Kumar mentioned that the job loss would be hard to cope with as his wife had already left her job to live with him in Sultanpur and he would too face the same fate if the government did not come up with any sustainability plan. Kumar almost blasts out, talking about no opportunities. “Where are the jobs? Abdul Kalam Technical University recently issued its advertisement about vacancies. In 42 posts, only one post belongs to the mechanical engineering department. Just one post. How do they think it can resolve the crisis.” The colleagues of Kumar maintain that the jobs come with their own burden as there are no maternity leaves or leaves for other medical emergencies. “We have to take leave without pay if we need to attend such emergencies,” said another teacher.

Anand Chaturvedi, who has been leading the protest, told NewsClick that the government has to lose much if the teachers were forced out of their job. He said, “The central government spent crores on money on our training precisely for the purposes of teaching. The money would be a waste too.”

Looking deeper into documents, the National Project Implementation Unit under the Ministry of Education, in its reminders to state governments, highlighted that the states were bound by the Memorandum of Understanding signed between the Union Ministry of Education and state governments. In one such letter written in August to Radha Chauhan, Additional Chief Secretary of Vocational Education and Skill Development, Government of Uttar Pradesh, P M Khodke, Central Project Advisor, emphasised that the funding from the Centre “will be based on an understanding with state governments that well performing faculty hired by using project funds will be retained post project, all else unchanged and any of these faculties retained, will be paid exclusively from state funds.” National Project Implementation Unit, which looks after the TEQIP project, works to implement World Bank assisted projects in technical education.

Kumar said, ”Though these project faculties have been a major boost to the institutes, they are available till the project period. As no regular recruitments have happened, the project closure will certainly result in huge faculty shortage in the institutes, bringing the academic activities to a standstill and defeating the primary objectives of TEQIP- III.” Teachers, however, are also enraged with the Centre’s handling of the crisis as the regulatory bodies are suggesting them ad-hoc jobs in state government-run colleges.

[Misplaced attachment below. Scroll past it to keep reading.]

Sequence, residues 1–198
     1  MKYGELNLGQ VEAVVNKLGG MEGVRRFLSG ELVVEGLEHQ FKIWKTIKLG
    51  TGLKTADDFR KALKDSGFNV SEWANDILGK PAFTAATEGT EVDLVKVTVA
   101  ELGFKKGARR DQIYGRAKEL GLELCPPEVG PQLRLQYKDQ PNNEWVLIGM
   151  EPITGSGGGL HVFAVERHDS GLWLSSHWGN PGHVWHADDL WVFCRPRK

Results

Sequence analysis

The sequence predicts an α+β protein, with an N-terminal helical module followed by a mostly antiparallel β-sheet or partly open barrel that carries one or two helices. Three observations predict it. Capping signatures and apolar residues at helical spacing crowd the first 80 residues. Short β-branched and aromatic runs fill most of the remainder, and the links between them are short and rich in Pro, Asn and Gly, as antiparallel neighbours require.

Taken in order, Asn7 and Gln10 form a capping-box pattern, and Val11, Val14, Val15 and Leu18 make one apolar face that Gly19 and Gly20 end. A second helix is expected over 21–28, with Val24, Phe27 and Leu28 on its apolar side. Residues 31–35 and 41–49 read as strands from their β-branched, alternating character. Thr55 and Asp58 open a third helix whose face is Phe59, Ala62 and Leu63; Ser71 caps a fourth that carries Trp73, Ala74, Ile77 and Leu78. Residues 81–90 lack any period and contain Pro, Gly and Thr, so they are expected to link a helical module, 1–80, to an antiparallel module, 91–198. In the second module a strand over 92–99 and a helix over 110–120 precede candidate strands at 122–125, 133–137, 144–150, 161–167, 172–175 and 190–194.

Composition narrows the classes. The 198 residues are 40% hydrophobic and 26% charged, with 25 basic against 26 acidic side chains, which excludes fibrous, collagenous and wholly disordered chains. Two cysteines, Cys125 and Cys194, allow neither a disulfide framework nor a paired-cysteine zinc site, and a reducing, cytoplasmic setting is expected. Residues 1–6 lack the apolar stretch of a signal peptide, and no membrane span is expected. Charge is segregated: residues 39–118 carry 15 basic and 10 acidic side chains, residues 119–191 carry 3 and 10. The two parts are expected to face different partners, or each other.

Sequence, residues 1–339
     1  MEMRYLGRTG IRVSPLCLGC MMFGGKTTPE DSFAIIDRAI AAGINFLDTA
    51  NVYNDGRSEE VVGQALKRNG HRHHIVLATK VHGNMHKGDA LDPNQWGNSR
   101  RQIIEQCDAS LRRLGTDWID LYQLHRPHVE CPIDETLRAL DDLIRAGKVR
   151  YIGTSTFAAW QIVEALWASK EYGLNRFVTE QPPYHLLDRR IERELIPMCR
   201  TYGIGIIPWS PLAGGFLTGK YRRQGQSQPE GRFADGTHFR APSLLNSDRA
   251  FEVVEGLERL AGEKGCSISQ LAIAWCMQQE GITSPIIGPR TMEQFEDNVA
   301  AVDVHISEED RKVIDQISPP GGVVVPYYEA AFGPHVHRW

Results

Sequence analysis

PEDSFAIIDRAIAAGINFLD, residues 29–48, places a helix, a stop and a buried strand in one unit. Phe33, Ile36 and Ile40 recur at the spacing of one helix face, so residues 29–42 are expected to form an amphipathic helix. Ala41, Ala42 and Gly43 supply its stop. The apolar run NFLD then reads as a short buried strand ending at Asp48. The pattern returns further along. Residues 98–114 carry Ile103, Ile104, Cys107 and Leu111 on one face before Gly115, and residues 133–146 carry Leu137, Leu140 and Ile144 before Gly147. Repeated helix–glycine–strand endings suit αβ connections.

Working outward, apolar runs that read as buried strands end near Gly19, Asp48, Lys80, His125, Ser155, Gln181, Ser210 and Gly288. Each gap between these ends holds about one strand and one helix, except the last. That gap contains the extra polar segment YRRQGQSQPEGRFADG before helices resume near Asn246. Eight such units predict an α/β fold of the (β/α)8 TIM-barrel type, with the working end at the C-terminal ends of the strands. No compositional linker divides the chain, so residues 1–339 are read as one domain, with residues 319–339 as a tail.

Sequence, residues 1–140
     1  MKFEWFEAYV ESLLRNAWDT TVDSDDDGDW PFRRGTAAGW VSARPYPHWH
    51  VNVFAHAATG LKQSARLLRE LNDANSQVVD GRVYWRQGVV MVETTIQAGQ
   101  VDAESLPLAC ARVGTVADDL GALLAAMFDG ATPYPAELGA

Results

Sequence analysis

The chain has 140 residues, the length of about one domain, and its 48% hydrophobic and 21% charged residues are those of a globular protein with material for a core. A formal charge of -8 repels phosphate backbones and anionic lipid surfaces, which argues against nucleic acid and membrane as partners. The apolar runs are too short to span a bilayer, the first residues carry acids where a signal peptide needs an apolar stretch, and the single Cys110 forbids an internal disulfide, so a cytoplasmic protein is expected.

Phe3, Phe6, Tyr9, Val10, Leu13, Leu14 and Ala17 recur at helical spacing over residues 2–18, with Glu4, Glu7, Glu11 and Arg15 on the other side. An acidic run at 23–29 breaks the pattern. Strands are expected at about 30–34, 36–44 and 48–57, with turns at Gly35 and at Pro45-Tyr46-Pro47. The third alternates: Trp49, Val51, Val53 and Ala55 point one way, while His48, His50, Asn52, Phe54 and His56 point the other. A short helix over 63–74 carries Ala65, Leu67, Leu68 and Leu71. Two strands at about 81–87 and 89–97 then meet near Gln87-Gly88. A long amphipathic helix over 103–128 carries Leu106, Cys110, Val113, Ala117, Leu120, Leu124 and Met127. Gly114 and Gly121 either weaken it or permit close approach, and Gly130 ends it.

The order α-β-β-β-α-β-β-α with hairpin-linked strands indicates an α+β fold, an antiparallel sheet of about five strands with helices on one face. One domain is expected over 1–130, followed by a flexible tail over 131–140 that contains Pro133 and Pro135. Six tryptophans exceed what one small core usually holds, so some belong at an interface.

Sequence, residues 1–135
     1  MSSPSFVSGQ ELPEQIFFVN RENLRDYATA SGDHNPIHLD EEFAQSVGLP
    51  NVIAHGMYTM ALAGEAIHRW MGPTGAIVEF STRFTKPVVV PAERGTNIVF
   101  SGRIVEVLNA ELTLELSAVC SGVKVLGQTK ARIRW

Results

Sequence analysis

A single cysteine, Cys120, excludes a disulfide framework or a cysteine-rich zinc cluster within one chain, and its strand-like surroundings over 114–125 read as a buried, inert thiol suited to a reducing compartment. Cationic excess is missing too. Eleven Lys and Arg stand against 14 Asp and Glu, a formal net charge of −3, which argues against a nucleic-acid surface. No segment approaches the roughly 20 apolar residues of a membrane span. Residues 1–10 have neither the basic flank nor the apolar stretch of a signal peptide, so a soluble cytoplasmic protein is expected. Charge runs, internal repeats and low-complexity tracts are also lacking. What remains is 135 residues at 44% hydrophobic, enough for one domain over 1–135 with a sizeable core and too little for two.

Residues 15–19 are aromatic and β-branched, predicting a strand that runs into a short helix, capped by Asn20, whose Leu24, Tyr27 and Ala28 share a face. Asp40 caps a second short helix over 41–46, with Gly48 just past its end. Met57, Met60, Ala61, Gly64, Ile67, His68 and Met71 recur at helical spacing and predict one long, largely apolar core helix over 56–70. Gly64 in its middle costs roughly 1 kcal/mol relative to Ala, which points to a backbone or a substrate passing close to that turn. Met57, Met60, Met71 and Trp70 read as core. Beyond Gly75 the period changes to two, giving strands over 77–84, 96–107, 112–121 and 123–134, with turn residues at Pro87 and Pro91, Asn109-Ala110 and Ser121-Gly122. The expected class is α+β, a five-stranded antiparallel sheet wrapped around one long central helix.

In the meeting of National Steering Committee, formed to look after the project in January 2021, Anil Sahasrabudhe, Chairman of All India Council of Technical Education, said, ”Due to the pandemic, private institutions are not hiring any faculty, which does not show a good future for the TEQIP faculties. They [the teachers] are also writing to AICTE to get them absorbed in the institutes.” Sahasrabudhe suggested that the Ministry of Education requests state governments urgently to allow the teachers to work on an ad-hoc basis in their state-governed institutes.

Sharing her story, Kranti Ingle appeared proud to have been the first engineer in her family, but despair soon shadowed her voice as she narrated her ordeal. She said, “Despite belonging to a family of backward class, I did my engineering in computers from the Indian Institute of Technology, Kharagpur. Our neighbours, people in poverty-stricken villages, looked at us with hope and told their daughters that they could also fulfil their dreams. What will happen to those dreams if they see us wandering on the streets without any job?”

Ingle left her stunning question for governments to ponder upon, “We brought good results. We were given the best increments based on our performance. Now, are we being punished for it?”